Inheriting a Classic Car Can Be Challenging

| March 5, 2014
classic_car 9

classic_car 9 (Photo credit: phamp197x)

It is wonderful to be left a beautiful motor car by a loving relative but with such a bequest comes a certain amount of responsibility too. Having looked after the vehicle in question for so many years, it is only natural that your relative will hope that you are going to do the same. If you have recently inherited a classic car and you are not sure what to do with it, take a look at the tips below.

  • Protect your investment. The very first thing you should do is to make sure that your new acquisition is adequately insured. To get an idea of the costs involved, check out insurers such as and others that specialise in the classic vehicle market. You may be pleasantly surprised at what you find as the prices for policies on older cars are often lower than for newer models. If you are willing to stick to a yearly mileage limit, you could save a considerable amount of money.
  • Find a reliable mechanic. One of the drawbacks of owning a classic car is that it can be hard to find a suitably qualified mechanic to take care of your pride and joy. However, if you are planning to use it on a regular basis it is essential that you locate an experienced professional to help you keep it on the road. Ask friends, relatives and work colleagues for recommendations and check out advertisements in industry magazines.
  • Self-reliance – whilst it is definitely important to find a good mechanic, you should also take steps to learn the basics yourself so you do not have to call a local garage every time a small problem occurs. There are various tips and tricks for keeping classic cars on the road that you can find online and in books dedicated to the subject of motor vehicle maintenance so it should not be too difficult to give yourself a grounding in the basic concepts involved. As you become more proficient, you may like to learn how to tackle more advanced maintenance tasks.
  • Involve the family. If you are married with children, you can lighten your load as far as keeping your vehicle clean and tidy is concerned by roping in other family members to help at the weekend. If you have a son that is interested in cars, he may be happy to help just for the chance to get closer to your classic vehicle. On the other hand, if your offspring should prove to be less enthusiastic about helping, consider offering a small financial reward if they do a good job of cleaning the paintwork on a Saturday morning.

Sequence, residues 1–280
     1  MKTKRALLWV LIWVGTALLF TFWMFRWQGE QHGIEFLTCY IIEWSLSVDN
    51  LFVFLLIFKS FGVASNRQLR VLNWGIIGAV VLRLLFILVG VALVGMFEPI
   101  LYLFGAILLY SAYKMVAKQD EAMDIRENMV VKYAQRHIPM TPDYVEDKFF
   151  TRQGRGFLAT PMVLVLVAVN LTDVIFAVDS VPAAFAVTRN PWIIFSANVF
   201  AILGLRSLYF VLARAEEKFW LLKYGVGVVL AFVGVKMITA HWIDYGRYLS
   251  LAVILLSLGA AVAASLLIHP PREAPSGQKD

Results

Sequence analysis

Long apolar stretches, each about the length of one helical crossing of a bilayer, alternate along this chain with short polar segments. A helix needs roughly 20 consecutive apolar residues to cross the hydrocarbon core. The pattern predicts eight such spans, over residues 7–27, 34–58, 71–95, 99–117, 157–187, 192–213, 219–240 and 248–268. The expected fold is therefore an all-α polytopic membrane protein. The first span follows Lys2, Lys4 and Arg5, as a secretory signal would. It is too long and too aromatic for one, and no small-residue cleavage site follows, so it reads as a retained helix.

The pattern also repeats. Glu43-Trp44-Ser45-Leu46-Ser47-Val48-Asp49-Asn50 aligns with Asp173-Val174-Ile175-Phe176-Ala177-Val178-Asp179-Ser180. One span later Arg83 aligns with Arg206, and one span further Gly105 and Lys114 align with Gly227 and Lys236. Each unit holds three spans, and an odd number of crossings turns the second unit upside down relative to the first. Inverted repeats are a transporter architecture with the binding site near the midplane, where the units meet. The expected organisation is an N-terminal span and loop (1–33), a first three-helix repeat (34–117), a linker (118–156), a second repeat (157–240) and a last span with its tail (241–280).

• Keep an eye on prices. Whilst you may have every intention of keeping your new acquisition and one day passing it on to the younger generation yourself, it is worth checking guide prices every now and then. You never know when you may need some cash in a hurry and knowing the value of your car will make it easier to negotiate with potential buyers, should it ever become necessary to sell in a hurry.

Owning and driving a classic car can confer certain advantages that less distinguished vehicles will not but some things stay the same whatever the age of your vehicle. You will still need to have a good understanding of the Highway Code and to obey all the rules of the road, no matter how venerable your car is. It will cost you just as much if you are caught speeding in a vintage Jaguar sports car as it would if you were driving a late model family saloon.

About the Author:

A company that was started in 1985 in the UK, Carole Nash is a dependable provider of a wide range of insurance products catering to the needs of vintage car and motorcycle enthusiasts. Find out more at

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Category: Financial Planning

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